Description of how this milestone expands the Inventory: NASA is using the Project Open Data metadata schema to build the Public Data Lists and the Enterprise Data Inventory., We are continually adding datasets owned by NASA's Mission Directorates and other functional offices. We are developing an agency-level NASA Information Architecture Management (NIAM) process to help us share and reuse the data across the agency, and allow our researchers to more easily identify common research datasets across agencies. The information architecture is one of our Open Government Plan flagship initiatives. We are making significant progress with common metadata, contract language, and search capacity. As we mature this process, identification of datasets will be more streamlined so that we can add new agency data to our inventory
Description of how this milestone enriches the Inventory: The data from each Mission Directorate is unique; therefore, expanding the inventory greatly. NASA currently has over 3000 datasets within the data.gov catalog and will continue to expand this through collaboration with the Mission Directorates and through our customer engagement methods such as challenges and prizes competitions.
NASA has enriched the data by applying categories as seen on http://data.nasa.gov/. The categories include Aeronautics, Earth Science, Climate, Engineering, Institutional, Life Science, Operations, and Space Science. These categories were identified by the NASA Open Innovation Team based on NASA mission data most frequently accessed via the program websites or customer-facing programs.
Description of how this milestone opens the Inventory: Each monthly milestone adds new datasets to open the inventory. The NASA Open Innovation Team collaborates with the data owners to make the datasets available in machine-readable format for ease of use by our customers and the public. As an engineering and science agency, NASA has protocols to ensure sensitive data, such as ITAR-related or privacy data is secured. NASA has always and will continue to proactively release our non-sensitive scientific data for the benefit of the general public. This not only increases the level of transparency and accountability, but also improves the timely sharing of the data for better science and technology. One of the examples of NASA’s commitment to proactively disclose information is our Scientific and Technical Information (STI) Program. The STI program is a critical component in the worldwide activity of scientific and technical aerospace research and development. This program houses over 4 million documents. Yes, we have our work cut out to convert these documents into machine-readable format – with no additional funded authorized by Congress to make this happen.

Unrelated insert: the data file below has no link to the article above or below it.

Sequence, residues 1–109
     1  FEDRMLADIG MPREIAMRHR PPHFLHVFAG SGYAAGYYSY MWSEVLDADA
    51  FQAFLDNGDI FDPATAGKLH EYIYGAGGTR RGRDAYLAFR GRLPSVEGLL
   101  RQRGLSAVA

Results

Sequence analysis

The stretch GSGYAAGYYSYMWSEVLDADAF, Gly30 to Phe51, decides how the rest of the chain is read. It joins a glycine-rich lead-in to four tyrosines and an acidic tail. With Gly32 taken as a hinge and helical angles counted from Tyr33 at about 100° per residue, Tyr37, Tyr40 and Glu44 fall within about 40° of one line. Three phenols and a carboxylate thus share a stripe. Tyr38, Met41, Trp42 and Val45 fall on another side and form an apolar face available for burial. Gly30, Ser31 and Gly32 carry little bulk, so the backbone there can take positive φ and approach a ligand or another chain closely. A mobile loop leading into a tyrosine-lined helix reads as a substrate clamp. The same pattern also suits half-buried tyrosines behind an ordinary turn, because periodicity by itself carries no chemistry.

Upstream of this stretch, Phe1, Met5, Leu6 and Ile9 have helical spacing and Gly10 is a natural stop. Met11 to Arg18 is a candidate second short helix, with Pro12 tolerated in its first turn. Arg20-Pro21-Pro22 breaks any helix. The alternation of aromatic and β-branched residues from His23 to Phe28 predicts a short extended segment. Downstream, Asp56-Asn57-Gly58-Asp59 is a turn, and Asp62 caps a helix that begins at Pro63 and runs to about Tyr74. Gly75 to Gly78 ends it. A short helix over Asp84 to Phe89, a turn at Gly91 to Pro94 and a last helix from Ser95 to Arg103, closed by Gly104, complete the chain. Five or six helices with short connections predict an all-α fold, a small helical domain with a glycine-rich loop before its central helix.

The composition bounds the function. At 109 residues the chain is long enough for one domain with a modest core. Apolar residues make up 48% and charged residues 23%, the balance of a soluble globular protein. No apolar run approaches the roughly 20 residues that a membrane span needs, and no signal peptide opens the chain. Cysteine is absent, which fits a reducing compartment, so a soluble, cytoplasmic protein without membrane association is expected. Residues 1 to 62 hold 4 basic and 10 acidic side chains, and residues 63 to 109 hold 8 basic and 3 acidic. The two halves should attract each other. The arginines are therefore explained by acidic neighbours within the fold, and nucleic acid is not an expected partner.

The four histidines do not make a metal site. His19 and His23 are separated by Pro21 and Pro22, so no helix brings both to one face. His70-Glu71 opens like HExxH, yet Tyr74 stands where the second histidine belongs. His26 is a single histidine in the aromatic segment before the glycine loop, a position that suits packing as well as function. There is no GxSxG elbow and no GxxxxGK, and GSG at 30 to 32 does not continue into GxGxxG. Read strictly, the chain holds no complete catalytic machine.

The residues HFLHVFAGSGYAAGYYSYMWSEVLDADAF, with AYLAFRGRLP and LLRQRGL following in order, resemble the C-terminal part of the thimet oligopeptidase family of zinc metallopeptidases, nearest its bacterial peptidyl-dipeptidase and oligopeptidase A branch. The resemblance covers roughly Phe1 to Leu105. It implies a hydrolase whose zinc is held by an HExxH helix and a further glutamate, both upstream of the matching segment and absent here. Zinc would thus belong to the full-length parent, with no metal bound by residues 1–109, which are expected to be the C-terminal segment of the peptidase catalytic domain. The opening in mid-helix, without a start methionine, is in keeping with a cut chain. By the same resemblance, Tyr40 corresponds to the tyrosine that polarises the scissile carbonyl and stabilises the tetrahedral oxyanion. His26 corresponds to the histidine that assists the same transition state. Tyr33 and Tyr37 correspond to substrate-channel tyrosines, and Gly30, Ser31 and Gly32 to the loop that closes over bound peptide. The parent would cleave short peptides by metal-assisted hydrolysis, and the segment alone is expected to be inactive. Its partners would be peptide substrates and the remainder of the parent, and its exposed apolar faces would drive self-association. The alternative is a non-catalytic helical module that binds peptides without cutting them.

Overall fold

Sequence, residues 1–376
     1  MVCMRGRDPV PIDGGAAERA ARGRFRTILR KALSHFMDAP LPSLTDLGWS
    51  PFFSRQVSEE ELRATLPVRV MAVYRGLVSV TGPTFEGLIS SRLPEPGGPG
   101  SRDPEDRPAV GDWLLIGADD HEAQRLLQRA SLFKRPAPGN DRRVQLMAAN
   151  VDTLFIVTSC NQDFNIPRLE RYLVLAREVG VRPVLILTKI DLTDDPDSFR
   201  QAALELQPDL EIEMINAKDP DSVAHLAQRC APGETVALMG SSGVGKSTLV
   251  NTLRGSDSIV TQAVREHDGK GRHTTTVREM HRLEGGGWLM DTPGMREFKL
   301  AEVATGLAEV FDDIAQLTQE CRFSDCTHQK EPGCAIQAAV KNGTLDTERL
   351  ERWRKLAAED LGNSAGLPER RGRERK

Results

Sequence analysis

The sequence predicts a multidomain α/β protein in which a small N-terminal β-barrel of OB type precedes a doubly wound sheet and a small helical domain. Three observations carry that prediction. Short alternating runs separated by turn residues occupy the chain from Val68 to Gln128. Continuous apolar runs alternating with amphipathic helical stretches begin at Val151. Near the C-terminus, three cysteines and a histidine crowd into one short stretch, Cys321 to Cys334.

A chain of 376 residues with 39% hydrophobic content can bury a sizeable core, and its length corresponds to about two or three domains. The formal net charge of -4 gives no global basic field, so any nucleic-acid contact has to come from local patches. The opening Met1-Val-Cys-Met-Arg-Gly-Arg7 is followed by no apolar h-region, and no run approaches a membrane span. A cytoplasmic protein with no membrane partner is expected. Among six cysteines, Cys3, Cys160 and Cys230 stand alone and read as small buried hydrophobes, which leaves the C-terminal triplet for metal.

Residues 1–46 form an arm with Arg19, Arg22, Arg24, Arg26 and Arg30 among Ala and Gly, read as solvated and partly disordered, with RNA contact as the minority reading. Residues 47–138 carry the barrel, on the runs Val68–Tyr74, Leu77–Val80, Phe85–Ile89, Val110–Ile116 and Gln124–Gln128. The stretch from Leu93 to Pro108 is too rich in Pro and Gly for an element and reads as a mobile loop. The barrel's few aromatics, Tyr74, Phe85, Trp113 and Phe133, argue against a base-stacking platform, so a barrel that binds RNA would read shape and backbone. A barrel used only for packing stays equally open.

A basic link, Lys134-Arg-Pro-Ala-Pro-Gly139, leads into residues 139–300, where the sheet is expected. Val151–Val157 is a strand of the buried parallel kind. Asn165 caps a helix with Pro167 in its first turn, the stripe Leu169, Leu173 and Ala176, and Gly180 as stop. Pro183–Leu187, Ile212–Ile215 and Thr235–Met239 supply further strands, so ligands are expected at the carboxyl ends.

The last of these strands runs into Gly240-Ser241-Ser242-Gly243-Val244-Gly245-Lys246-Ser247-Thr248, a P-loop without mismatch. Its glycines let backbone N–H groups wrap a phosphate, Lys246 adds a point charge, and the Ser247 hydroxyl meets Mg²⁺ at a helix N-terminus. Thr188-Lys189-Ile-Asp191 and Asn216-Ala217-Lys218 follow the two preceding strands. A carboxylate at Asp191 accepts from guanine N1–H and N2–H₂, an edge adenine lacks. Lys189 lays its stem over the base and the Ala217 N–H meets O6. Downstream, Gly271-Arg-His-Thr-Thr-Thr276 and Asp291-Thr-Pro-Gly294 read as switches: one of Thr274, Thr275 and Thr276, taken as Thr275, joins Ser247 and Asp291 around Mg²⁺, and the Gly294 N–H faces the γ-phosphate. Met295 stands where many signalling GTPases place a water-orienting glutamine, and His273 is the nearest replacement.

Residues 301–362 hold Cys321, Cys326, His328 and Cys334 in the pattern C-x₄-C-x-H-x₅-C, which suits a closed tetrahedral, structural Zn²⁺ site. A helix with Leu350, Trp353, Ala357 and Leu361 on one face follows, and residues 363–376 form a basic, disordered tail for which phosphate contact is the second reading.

NASA places a high priority on protecting all our sensitive unclassified information (SBU) created, collected, maintained, and managed on behalf of NASA. Among the various categories of SBU, privacy information (identifiable form, personally identifiable information, and information subject to the Privacy Act of 1974, are among the most sensitive, requiring multiple levels of protection and compliance with federal standards and laws. Meeting these requirements ensures that NASA complies with all related federal laws and standards, and ensures NASA and the federal government retain the public trust. All system, application, and information owners must fully comply with NASA Privacy Policy and Procedures, and all employees are required to maintain a state of awareness and training that ensures we are able to appropriately protect such information. NASA’s Privacy Page provides greater detail
The Open Innovation team defers to the strictly-defined processes within each mission program and organization to ensure the data can be made available to the public. Once NASA data is deemed open by the technical experts through their processes and the agency privacy review process, the Open Innovation team converts it to machine-readable format for inclusion in the data inventory.


1.2.6. Develop Customer Feedback Process